THE FACTS

Whereas a summary of the facts presented by the Applicant is to the
following effect:

The Applicant is a Swedish citizen living in Stockholm and has held
various high political offices (Governor of B., Deputy Speaker of the
First Chamber of Parliament, Representative to the United Nations).

I. His Application is directed against the newly enacted Swedish
Statute on Radio and Television of 30th December 1966, (Statute No.
755). He states that in Article 5 of this Statute it is provided that
one enterprise, which is nominated by the King-in-Council, shall have
the sole right to decide which broadcasting programmes shall be
transmitted on radio or television to the public of Sweden. According
to Swedish law there is no domestic remedy against this provision.
Furthermore, Article 5 gives to one enterprise a monopoly right to all
kinds of broadcasting and is, according to the Applicant's opinion,
contrary to Article 10, paragraph (1) of the Convention on Human
Rights.

In particular, the Applicant submits that the last sentence of
paragraph (1) which allows States to require the licensing of certain
enterprises must be interpreted in a narrow sense. The fact that a
licensing system is permitted does not mean that States have a right
to establish a monopoly system by licensing only one enterprise in the
country concerned. The wording of this part of the Article, where it
expressly speaks of several "enterprises", indicates that only a
licensing system which allows the right of broadcasting to be given to
several enterprises is admissible. The principle dangers of the Swedish
monopoly system to freedom of opinion will become more serious when the
plans to let the monopoly enterprise transmit television programmes on
two different channels are realised. Then the public can choose between
two programmes, although produced by the same monopoly enterprise,
their interest in the printed word, such a newspapers, periodicals and
books, will diminish.  It will then be still more difficult to reach
the public with ideas other than those which are authorised by the
monopoly enterprise. Persons who want to introduce ideas which do not
conform with those that are held by the monopoly enterprise will have
such difficulties that the freedom to receive and impart information
and ideas, as mentioned in the Convention, will be an illusion.

Only such newspapers and periodicals as have the powerful support of
big industrial circles or big organisations of other kinds have a real
possibility to spread information. All others will be doomed to
silence. This development will endanger the free democratic system of
the country. Only opinions authorised by the monopoly broadcasting
enterprise or by other powerful interests will have a chance to reach
the public.

Especially dangerous is the monopoly of the single enterprise of radio
and television. There can be no real competition between two channels
that are run by the same enterprise. Instead a certain conformity to
the general taste of the employees of the enterprise will be likely to
develop.

By reviewing only such books, films and theatre performances as are in
conformity with the ideas of the monopoly enterprise, that enterprise
will be able to push public opinion in the direction it wants and to
suppress ideas which are unpopular among its own employees.

The same member of the Government who was responsible for the new
Statute has recently been publicly lamenting that the views of his
party are not sufficiently observed in certain Stockholm newspapers
which have virtually a monopoly if the press. These papers are,
according to this Minister, giving the public a false picture of the
ideas and actions of his party. The same reflection can be made by many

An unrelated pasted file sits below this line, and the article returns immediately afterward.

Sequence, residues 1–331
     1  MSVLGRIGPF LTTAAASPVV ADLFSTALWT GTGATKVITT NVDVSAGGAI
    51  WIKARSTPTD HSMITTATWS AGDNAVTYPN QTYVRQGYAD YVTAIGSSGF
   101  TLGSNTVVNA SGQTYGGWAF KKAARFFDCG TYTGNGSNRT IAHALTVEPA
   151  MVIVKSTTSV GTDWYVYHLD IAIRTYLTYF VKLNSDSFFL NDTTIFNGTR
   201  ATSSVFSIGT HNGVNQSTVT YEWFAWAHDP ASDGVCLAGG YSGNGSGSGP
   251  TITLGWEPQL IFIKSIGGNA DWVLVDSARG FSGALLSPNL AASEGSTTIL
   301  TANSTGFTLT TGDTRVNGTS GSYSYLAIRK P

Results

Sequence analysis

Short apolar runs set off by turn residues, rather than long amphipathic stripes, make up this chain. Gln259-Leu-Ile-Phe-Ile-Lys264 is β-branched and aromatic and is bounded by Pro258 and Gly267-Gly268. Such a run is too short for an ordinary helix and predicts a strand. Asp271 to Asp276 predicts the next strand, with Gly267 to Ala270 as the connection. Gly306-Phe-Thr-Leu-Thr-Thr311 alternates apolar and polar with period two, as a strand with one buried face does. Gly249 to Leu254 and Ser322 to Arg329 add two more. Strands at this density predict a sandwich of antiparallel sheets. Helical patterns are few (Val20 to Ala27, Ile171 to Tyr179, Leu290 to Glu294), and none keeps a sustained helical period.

persons in view of the monopoly enterprise of radio and television.
Many interesting ideas have, under the present circumstances, no chance
of being expressed through these media.

It has to be added that such dangers for the democratic system are
especially serious in a country where the consolidated political
parties have given themselves big state subsidies in order to
strengthen their own positions and to prevent the rise to power of new,
competitive parties. A system of several competing broadcasting
enterprises is badly needed if freedom of opinion is to be preserved.


With regard to the question in what way he is a victim of the Statute
concerned, the Applicant submits the following:

Whereas the Convention has been violated by enacting a Statute which
affects the position of all citizens, every citizen has also the right
to claim that he is a victim of that violation. During the last year
there has been a considerable number of cases in which individuals have
been denied the right to correct false broadcasting programmes
affecting them. When a programme is transmitted on the television
screen, the pictures make such an impression on the public that it is
much more difficult afterwards to correct the impression than to
correct a programme broadcast on the radio.

II. The Applicant mentions certain examples in this respect some of
them concerning him personally, but he states that the central point
that has to be investigated is not what happened to him but the
question whether or not Article 5 of the Swedish Statute is a violation
of the European Convention.

(1) The Applicant refers in particular to a television broadcast in the
beginning of 1967 giving, according to him, a false picture of certain
events in the L. company in Liberia in 1966. This programme has aroused
much attention in Sweden. He states that the Director of the
Information Service of the company concerned could give an account
showing that there have been insufficient possibilities to correct this
television broadcast.

(2) He further states that, in January, 1954, and again on later
occasions, he himself, when still in service as Governor of B., was
denied the right of correcting entirely inaccurate information
broadcast by the Swedish radio with regard to one of his official acts.

(3) In May, 1959, it was stated on television that the Applicant had
refused to discuss a certain matter on television whereas, in fact, he
had only asked to postpone the programme by one week pending the
results of an official investigation of the matter concerned. The